• It won't work.
  • It will work—but deceivingly so.

Just what do I mean here? Well, the won't work part should be obvious. It's the will work part that will fool you. Should Accelerated X not break your old install of XFree86 (which is what happened to me), you’ll still have X Windows running—only it won't be using the Xi Graphics software! Huh? You read it correctly.

To test which system you’re using, run this command:
xpdyinfo | grep Xi

If you receive something akin to
[jlwallen@willow jlwallen]$ xdpyinfo |grep Xi
vendor string: Xi Graphics, Inc.

you’re good to go.

If you did not receive the above output, you must create a symbolic link between the Accelerated X binary and the binary used on the system. Typically, you’d use the following command:
ln -s /usr/X11R6/bin/Xaccel /etc/X11/X

Now when you log out, log back in, and run startx (if your system is set to boot to run level 5, you can skip the startx command, obviously); you will see a newer, much cleaner X Windows System.

How does Accelerated X stack up to XFree86 4? In most cases, it blows it away. It's cleaner, faster, more stable (after nearly three months of use, I've yet to have a single X crash), and handles 3D wonderfully—well, except for the elusive Quake III and Descent III.

As far as games are concerned, Accelerated X is not the perfect candidate. It runs the games but much like in the previous tests, they are far too slow to play.

There’s another problem with Xi and VMware. When running VMware under Accelerated X, you’ll more than likely get an error message saying that VMware is unable to grab your mouse. This is okay. VMware will still run. The big issue is the random crashing of Windows under VMware (with Accelerated X). Because VMware was obviously written for use under XFree86, it's not quite as stable with anything else. There is, of course, mention of this on the VMware home page:

Q: I don't run XFree86, but another type of X server.

A: X servers other than XFree86 don't support the DGA protocol. VMware will not be able to run in full-screen SVGA mode. Window-mode SVGA can be considerably slower than full-screen mode.Full-screen VGA is still available.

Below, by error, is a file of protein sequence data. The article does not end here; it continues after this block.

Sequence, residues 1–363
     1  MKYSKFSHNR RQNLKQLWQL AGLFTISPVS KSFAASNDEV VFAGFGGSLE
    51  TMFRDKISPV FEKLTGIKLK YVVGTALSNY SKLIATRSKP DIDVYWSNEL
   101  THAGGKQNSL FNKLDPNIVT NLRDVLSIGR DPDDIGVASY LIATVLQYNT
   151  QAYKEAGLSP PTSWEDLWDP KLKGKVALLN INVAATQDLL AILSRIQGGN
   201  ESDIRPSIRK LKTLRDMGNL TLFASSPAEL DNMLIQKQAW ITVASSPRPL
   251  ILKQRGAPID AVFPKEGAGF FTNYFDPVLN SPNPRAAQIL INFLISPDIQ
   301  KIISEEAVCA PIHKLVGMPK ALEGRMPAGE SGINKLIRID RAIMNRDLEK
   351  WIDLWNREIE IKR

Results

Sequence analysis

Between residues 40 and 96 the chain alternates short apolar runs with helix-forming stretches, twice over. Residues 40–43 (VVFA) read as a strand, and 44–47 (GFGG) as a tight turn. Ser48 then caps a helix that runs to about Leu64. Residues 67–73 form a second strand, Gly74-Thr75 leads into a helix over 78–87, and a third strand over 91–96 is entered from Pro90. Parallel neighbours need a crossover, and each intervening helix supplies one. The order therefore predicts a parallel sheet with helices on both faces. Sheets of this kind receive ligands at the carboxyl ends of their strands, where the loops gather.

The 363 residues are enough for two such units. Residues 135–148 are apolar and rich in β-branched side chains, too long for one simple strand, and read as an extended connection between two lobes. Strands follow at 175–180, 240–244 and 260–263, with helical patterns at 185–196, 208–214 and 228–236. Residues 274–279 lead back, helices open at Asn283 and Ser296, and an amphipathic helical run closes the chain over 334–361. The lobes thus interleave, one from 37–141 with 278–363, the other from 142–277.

The only problem I've come across while running VMware under Accelerated X is the random crashing. Considering what the guest OS is (Windows 98), I figure that's par for the course.

Where the Windows are clean and shiny
One area where Windows excels is standards. Because of Microsoft's headlock on the industry, Windows has enjoyed a very tight standards base, which allows the makers of hardware to know just what they’re writing for. Linux has yet to enjoy such a standard, so the support for such hardware as 3D accelerator cards, USB devices, parallel port scanners, winmodems, many sound cards, etc. is slow to appear. Fortunately, the LSB (Linux Standards Base) is taking care of that very issue.

Because Windows has such enormous support from the hardware makers, it seems that it is more suited for the applications. This is not necessarily true. What this does mean is that the hardware works with the Microsoft OS more easily. (If you've ever seen Quake III rendered on a Linux machine when it's configured properly, you'll know what I'm talking about. It's wonderful. The images are beautiful, fast, and smooth—exactly like their Windows counterparts.)

The unfortunate reaction to such an issue is that the community immediately assumes that Linux is an incapable OS. This is not the truth. If anything, it means that the hardware vendors are incapable of keeping up with a constantly growing and changing industry. While Linux continues to enjoy exponential growth, the hardware vendors only gradually offer their support. This imbalance has the unfortunate consequence of placing the Linux operating system in the dark, foreboding shadow of its competition.

You needn’t toss out that 3D card or migrate back to Windows, fortunately. The cards do work and work well. As I’ve shown in this Daily Feature, it's all a matter of which software you use and how much patience you have.
The authors and editors have taken care in preparation of the content contained herein but make no expressed or implied warranty of any kind and assume no responsibility for errors or omissions. No liability is assumed for any damages. Always have a verified backup before making any changes.

About Jack Wallen

Jack Wallen is an award-winning writer for TechRepublic and He’s an avid promoter of open source and the voice of The Android Expert. For more news about Jack Wallen, visit his website